Is Annoyance A Media Strategy?

Again and again, I have ads served to me that interrupt my digital and mobile actions. Popups are delivered that force me to landing pages and app store opens I didn’t ask for. Digital ads presuppose my interest in irrelevant products and services with no frequency cap. Despite the well-documented death of push marketing and the rise of the era of consumer control, it seems that many marketers believe that annoyance is still a viable strategic approach. 

So, if you want to up your “annoyance marketing” quotient, here’s a simple five-point plan:

1. Ignore user experience and expectations when serving your advertising. 

The new world of digital advertising affords marketers a plethora of tools and strategies for developing brand programming and campaigns that are relevant, timely and in-tune with a user’s mind-state and expectations. But flying in the face of this could also certainly help your brand stand out — and never mind the negative light it might shed on your brand. 

With this in mind, it makes sense to serve an interstitial to an app user looking for a quick answer to a question like a train schedule or sports score. Or a page take-over to a mobile web browser looking for a phone number to tell a restaurant he’s running late. Don’t worry that you’re annoying them, slowing them down, preventing them from accomplishing a task – they’ll remember you!

2. Count impressions not engagements

By now we all know the hoopla and to-do caused by viewability concerns, ad fraud, bots, and ad blocking. The industry is beginning to realize that, in general, a media “impression” is unlikely to actually make an impression. But the addiction to low-priced CPMs and flowcharts with tens of millions of impressions is too hard to kick.

So, since all we care about is the delivery of quantities of impressions, then be unconcerned about repetitive ad messages and overly high frequencies. If we believed the old rule of thumb that reaching someone three times was an effective reach, then reaching them with the same message 30 times is 10 times effective-er, yes? So Lyft, please continue to serve me dozens of mobile app ads, unabated. And Game of War, bravo, for your 100+ ad frequency!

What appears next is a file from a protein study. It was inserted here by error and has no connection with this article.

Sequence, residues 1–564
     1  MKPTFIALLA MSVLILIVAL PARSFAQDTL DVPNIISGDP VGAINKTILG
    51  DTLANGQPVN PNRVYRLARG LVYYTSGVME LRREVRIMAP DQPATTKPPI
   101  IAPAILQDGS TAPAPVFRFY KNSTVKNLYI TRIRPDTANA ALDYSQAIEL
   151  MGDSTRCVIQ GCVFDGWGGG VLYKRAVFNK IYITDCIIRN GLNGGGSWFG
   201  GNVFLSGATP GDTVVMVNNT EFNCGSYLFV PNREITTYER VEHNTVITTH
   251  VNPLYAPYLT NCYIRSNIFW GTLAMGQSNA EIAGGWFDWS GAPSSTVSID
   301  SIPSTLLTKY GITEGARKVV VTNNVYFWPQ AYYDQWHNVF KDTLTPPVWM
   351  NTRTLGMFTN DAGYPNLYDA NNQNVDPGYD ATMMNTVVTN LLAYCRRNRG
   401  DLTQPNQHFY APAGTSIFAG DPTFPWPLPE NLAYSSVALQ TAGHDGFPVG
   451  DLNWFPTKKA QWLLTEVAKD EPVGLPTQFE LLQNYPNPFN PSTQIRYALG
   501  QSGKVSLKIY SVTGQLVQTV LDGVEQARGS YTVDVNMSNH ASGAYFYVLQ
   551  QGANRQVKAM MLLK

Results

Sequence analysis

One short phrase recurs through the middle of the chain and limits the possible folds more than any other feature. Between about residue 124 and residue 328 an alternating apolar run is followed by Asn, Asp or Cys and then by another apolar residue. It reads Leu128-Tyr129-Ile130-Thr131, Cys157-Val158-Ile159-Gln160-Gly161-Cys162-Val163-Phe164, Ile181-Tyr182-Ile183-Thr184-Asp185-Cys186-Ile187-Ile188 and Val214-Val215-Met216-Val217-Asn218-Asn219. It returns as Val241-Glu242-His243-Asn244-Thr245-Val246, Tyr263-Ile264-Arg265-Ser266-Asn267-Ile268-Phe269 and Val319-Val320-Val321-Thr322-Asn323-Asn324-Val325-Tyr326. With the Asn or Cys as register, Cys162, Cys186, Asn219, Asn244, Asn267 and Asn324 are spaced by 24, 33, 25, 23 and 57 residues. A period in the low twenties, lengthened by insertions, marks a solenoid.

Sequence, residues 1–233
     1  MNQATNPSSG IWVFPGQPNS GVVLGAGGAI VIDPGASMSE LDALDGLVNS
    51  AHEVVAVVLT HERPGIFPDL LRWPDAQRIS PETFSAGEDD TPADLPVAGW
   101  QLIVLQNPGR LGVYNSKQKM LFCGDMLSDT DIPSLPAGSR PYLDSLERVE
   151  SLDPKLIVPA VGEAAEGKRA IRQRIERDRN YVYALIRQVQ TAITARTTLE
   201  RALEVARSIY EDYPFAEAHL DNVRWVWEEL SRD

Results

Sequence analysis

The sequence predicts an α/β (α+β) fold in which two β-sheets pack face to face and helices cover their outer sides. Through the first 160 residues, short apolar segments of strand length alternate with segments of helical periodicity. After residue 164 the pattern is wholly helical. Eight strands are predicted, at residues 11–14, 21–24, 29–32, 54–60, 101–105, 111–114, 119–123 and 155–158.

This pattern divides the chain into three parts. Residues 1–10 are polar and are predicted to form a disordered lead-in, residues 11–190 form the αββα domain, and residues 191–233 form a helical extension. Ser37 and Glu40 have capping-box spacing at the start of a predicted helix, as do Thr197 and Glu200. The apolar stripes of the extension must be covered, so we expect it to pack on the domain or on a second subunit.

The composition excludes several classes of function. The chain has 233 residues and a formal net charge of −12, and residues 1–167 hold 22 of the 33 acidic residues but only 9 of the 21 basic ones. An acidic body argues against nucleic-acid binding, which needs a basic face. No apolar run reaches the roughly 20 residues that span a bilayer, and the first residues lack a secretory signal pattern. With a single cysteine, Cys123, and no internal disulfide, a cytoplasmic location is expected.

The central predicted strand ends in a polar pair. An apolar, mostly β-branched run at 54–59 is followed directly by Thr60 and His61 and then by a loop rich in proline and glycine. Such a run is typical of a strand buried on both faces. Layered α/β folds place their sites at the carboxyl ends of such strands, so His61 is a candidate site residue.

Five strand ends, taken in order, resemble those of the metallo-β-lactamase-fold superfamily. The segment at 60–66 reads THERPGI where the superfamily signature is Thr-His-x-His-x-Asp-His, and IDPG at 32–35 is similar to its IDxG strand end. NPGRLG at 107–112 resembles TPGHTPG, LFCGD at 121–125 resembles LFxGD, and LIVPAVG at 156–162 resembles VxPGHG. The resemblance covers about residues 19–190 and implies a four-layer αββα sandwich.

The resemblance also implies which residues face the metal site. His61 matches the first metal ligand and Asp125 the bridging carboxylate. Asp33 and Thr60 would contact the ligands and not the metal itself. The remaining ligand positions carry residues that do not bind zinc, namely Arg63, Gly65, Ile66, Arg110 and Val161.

3. Do not waste time creating customized and diverse content

It’s been proven repeatedly that having personalized, contextually relevant messaging improves effectiveness for advertisers. And that simply cutting and pasting executions from one platform to another is not only lazy but also frustrating to consumers and sub-optimal for advertisers.

But all that work and thinking is hard. So by all means, take that TV ad and use it as pre-roll. Use your print ad as a banner. And don’t worry about creating multiple executions, stick with a single one and run it to death. Ideas, creativity and likeability are over-rated, right?

4. Ensure click-throughs by all means necessary

Making life painful for your consumers can’t be a good thing. Forcing them to jump through hoops, lengthening their process or experience, and providing disappointment are recipes for disaster. After all, customer experience is the new favorite buzzword of the industry.